Thursday, November 20, 2008

How we voted

Obama receives nearly two-thirds of Ojai votes, while Prop. 8 opposed by nearly same margin

By Daryl Kelley

As election officials moved toward completion next week of the count of ballots cast Nov. 4, an analysis of Ojai voting patterns showed that this bastion of liberal politics again revealed its left-leaning ways on Election Day.
While voter registration in Ojai gives Democrats a 17-percentage-point edge over Republicans, Democratic candidates generally built much greater margins here this time, an early breakdown of Ojai votes shows.
President-elect Barack Obama, for example, received nearly two-thirds of Ojai’s vote, a much greater margin than in Ventura County, the state or the nation as a whole. Republican John McCain got just 31.5 percent of Ojai’s vote.
And in two tight ballot propositions, Ojai voters made a much clearer choice than the nearly even split by the county and the state overall, overwhelmingly rejecting a ban on gay marriage and a requirement that parents be notified and a waiting period imposed before a minor could have an abortion.
Sixty-two percent of Ojai voters opposed the same-sex marriage ban, while the parent notification measure was defeated here by the same margin. Statewide, the vote was split 52-48 for the ban and 48-52 against notification.
Ojai voters were also much more insistent that farm animals be treated humanely when confined than those in the county or the state overall. Nearly three-quarters of Ojai voters favored the animal protection ballot measure.
“In Ojai, there seems to be a real understanding that the need for social justice be considered along with the environment,” said Sue Broidy of the Ojai Valley Democratic Club.
Broidy, president of the club for years and now its secretary, said she thinks Obama and other Democrats did so well in Ojai partly because of the strength and coordination of the historic presidential campaign.
“We’d like to take credit, but there were other forces at work,” she said. “I’m elated after so many campaigns for people who lost … This was a wonderful vindication of a lot of hard work.”
Broidy said she thinks Democrats polled so strongly in Ojai not just because of party registration, but because of the presence of an Obama headquarters in town.
“That made an enormous difference,” she said. “It was a tangible thing for people to visit … and to see we were willing to pay rent and staff our office. And for me as a political activist, it was a very exciting for once to get our campaign out of my living room,” said Broidy, a field representative for Hannah-Beth Jackson when she was an assemblywoman.
Meanwhile, in election updates through Thursday, Democrat Jackson still trailed Republican Tony Strickland for the state Senate by more than 1,700 votes, despite whittling his advantage with new returns from Santa Barbara County. In Ojai, about 63 percent of voters favored Jackson, while she was receiving only about 47 percent of the vote throughout Ventura County, the largest part of the three-county senate district.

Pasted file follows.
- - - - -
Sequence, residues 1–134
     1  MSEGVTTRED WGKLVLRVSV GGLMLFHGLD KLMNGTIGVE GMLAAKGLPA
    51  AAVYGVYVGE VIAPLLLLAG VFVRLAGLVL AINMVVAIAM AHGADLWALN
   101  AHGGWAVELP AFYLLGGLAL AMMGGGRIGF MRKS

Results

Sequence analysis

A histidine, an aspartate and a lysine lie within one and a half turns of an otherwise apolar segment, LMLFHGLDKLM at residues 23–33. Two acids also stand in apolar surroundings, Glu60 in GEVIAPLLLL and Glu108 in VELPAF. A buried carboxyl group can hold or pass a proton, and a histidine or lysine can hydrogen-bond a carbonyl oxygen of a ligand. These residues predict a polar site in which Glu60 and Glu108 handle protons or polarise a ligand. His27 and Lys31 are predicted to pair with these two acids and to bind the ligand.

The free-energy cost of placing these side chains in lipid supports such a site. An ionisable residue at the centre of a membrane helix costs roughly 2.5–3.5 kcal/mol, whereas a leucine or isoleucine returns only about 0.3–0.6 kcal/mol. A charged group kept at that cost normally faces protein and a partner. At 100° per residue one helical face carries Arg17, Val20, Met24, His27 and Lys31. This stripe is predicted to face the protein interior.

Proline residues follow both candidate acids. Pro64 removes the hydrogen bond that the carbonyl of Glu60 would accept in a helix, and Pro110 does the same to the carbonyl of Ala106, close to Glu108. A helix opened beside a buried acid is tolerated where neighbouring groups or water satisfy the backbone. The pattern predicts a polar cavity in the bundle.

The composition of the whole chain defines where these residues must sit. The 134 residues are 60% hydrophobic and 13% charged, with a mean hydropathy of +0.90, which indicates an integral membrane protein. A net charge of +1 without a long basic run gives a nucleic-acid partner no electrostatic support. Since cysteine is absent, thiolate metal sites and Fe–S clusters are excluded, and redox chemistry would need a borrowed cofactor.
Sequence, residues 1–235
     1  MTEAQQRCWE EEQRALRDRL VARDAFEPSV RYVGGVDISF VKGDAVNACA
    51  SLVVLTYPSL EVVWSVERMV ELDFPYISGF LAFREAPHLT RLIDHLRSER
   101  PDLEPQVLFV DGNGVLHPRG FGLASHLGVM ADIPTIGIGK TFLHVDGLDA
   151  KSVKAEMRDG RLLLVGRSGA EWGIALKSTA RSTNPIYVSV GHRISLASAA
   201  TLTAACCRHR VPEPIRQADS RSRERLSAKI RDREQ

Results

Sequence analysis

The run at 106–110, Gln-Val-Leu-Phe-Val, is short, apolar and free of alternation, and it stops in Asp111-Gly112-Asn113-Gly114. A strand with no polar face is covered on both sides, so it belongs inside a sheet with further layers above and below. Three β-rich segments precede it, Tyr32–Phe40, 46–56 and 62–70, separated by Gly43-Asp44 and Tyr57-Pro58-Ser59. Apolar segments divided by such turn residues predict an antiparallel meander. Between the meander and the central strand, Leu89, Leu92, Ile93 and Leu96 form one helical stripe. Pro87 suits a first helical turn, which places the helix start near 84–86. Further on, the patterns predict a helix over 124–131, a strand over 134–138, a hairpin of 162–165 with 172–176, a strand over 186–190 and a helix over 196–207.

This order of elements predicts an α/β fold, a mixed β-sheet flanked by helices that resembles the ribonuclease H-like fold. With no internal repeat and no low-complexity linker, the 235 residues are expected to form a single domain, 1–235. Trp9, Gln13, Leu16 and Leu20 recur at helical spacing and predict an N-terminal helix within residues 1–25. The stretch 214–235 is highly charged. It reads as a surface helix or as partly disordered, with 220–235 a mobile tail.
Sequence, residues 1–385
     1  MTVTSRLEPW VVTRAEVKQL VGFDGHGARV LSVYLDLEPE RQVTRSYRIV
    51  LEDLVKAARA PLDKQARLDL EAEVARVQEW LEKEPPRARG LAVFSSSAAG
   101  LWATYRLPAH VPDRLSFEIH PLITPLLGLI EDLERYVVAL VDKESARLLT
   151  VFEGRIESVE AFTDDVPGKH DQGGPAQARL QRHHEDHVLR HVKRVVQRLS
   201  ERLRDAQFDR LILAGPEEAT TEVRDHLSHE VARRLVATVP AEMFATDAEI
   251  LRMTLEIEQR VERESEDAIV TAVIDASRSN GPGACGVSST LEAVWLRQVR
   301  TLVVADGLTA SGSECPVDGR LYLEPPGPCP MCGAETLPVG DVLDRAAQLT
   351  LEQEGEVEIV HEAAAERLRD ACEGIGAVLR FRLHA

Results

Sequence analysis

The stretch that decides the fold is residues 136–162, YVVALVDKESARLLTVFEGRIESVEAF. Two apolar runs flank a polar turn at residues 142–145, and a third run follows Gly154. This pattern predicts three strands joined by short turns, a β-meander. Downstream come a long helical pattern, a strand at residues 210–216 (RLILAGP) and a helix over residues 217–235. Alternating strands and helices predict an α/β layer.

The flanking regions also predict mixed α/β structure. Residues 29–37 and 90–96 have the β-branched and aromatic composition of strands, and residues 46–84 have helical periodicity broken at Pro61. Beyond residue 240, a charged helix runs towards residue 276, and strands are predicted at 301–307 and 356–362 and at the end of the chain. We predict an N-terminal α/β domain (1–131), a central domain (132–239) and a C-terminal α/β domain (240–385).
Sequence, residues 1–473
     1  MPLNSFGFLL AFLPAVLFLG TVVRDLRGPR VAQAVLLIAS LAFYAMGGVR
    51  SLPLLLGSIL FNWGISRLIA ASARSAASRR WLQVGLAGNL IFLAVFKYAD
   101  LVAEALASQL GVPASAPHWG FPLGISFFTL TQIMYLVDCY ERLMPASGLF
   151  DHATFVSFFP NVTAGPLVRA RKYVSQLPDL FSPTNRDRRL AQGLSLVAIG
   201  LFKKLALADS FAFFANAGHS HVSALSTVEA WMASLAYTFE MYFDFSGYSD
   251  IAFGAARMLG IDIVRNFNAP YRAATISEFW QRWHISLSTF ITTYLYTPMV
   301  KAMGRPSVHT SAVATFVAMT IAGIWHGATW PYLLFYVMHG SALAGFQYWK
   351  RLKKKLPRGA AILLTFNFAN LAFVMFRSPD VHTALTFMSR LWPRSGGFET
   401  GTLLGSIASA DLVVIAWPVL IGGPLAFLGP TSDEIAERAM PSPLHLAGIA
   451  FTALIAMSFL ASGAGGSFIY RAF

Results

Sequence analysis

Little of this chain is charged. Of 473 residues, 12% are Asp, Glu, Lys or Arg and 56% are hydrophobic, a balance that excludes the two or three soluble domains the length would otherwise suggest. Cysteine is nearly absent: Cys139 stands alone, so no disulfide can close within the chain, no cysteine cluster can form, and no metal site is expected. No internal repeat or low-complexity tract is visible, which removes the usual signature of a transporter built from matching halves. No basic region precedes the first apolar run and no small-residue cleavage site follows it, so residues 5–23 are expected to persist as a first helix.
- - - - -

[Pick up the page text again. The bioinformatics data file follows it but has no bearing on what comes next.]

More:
And in a tantalizingly close race for a seat on the Ojai Valley Sanitary District board, director William Stone held a one-vote lead on Thursday, after new tallies wiped out challenger George Galgas’ four-vote lead.
In the race for Ojai City Council, Betsy Clapp and Sue Horgan still held strong leads, despite a bit of closing by former Mayor Suza Francina on second-place Horgan, the council incumbent. Horgan still held a 115-vote lead over Francina on Thursday, while Clapp, the leader in the five-person race, was ahead of Horgan by 257 votes.
The Ojai Unified School District parcel tax initiative gained a little ground, but still stood at only 65.6 percent approval, while a two-thirds super majority is required for passage.
Election officials said they thought the counting of the final 20,000 or so late absentee and provisional ballots may be completed by the end of next week, with the next update of results expected Monday afternoon.
Some 6,000 to 8,000 absentee ballots had to be duplicated for processing because of voter mismarks, said Assistant Registrar-Recorder Jim Becker. Another 14,000 provisional ballots still had to be checked for veracity and counted, and the count of about 500 ballots from military employees and residents living overseas had not yet occurred.
Of votes analyzed from earlier counts, about 75 percent of Ojai’s total, not only did Obama and Jackson soar locally, but so did Democratic Assembly candidate Ferial Masry. Despite losing in a close race to incumbent Audra Strickland, Masry easily defeated Strickland in Ojai with about 63 percent of the vote.
In fact, the only Democrat in a legislative or congressional race not to win in a landslide in Ojai was Marta Jorgenson of Solvang. Jorgenson’s margin over Republican Rep. Elton Gallegly was nearly 14 percentage points, here, but that was only about half the margin enjoyed by Obama, Jackson and Masry.
“Marta was not a good candidate,” said Broidy. “She was just as surprised as the rest of us when she won the primary. And she raised only about $2,600 (for the general election campaign).”


Anonymous said...

News flash to OUSD. Measure P did not pass. So get a plan! Sitting around hoping that a few absentee ballots will come in and turn the tide is not a plan. Show some leadership, that is why the school board members were elected and why the Supt. makes the big bucks.

Anonymous said...

November 24, 2008
OJAI City Council
6/6 100.00%

Vote Count

Anonymous said...

Labels are a handy shorthand, but they can also be dangerously inaccurate. Your statement that the "bastion of liberal politics again revealed its left-leaning ways on Election Day" makes me suspect you are a rightwing redneck with a big pickup! How's that for a label? By the way, I'm a registered Republican but I voted for Obama.

Anonymous said...

nice are we in 1st or 2nd grade??
:( :(